The Sanje Waterfall hike

Baobab tree

Our destination was the Udzungwa NP, famous for its mountains, waterfalls and hiking routes. Not a park with big game and roads to drive around, but rainforest and rare animals.

Before we reached the turn off to the national park, the main road to Dar went over the mountains and many trucks struggled there. The landscape was beautiful and the valley full of big Baobab trees, some already with leaves and flowers. Baboons waited along the road for anything eatable thrown out of the car, something you really shouldn’t do.

Sugar cane valley

We went to the Honda Honda camp at the edge of the forest. From their bar/restaurant we had a great view of the local monkeys jumping around in the trees and hornbills cruising by.

Endemic Udzungwa red colobus

The next day, the manager of the campsite was so nice to drive us to the office of the national park to pay the fee and get a guide for our hike (94,- US$). He then drove us to the starting point, from where we set off into the mountains to the Sanje waterfall.

Sale – our guide

It was 32 degrees, very humid and the path was steep from the beginning. Not long at all and we were dripping wet and panting.


We were so excited to see jackfruits! We used the green version, which you can buy in Europe in cans, as they are great to fry until they look like pulled pork. I thought they are from India, but apparently they are grown here too. Our guide promised us, we could try them when we come back down.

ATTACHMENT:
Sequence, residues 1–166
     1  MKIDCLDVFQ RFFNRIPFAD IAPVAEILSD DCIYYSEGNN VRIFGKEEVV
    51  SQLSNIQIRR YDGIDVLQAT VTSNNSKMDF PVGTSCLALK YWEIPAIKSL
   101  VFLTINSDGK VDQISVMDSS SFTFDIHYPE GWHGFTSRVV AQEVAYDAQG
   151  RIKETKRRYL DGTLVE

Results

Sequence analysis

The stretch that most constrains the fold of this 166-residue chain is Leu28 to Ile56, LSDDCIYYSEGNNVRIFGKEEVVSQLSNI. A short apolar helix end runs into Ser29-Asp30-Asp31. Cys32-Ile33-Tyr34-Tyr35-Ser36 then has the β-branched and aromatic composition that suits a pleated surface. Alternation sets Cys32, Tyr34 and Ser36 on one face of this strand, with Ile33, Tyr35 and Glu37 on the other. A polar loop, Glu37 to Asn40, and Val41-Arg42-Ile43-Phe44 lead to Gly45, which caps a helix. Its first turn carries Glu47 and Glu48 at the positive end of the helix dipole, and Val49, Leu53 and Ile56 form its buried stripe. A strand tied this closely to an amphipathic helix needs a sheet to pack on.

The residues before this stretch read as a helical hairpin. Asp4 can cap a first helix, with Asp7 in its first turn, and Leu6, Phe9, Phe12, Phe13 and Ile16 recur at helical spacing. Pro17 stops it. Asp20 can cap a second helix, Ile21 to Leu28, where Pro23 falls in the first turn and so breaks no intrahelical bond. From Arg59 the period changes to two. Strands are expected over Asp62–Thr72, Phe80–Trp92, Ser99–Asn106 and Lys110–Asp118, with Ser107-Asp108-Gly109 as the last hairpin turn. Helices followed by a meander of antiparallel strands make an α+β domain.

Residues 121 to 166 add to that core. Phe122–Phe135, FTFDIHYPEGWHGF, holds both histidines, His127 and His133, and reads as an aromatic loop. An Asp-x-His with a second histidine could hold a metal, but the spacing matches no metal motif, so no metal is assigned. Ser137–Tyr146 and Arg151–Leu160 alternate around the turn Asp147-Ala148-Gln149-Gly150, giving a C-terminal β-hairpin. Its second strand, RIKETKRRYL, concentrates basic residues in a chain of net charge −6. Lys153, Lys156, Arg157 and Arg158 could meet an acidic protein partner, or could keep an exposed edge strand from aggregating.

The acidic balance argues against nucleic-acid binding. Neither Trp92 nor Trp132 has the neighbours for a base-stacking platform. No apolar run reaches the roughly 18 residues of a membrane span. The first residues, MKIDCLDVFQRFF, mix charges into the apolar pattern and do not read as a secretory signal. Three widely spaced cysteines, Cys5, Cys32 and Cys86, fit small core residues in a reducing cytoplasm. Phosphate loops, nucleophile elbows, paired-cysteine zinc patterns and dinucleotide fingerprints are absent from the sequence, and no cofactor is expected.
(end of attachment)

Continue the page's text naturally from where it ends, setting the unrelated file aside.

Sale and Nixon trying to get us up the mountain
Sanje waterfall

When we reached the first view point of the waterfall, it was clear it was still dry season. Not much water came down, but it wasn’t completely dry at least. This fall is the highest one in a Tanzanian national park, we were told. What we only found out a sweaty hike later: there are 2 more wonderful waterfalls above this one.

Adventurous Edi had to try the hanging bridge
2nd fall
3rd fall – we made it!

From the top of the first, high waterfall, we had an incredible view over the valley full of yellow sugar cane. After we had cooled down in the river, had rested and drunken enough water to substitute all we had sweated on the way up, we thought the way down will be a piece of cake. We were wrong. We were sweating as hell again, thanks to the heat and humidity. But who cares, we had a wonderful experience and thanks to our patient guides we had made it up there.

Ripe jackfruit tastes like mango and is delicious!
Coconut for the thirsty hikers
Flower of the Day

We had a vegetarian dinner that night at the camp in front of the rain forest with all its fascinating voices. The next day we continued to the Mikumi NP. More soon.

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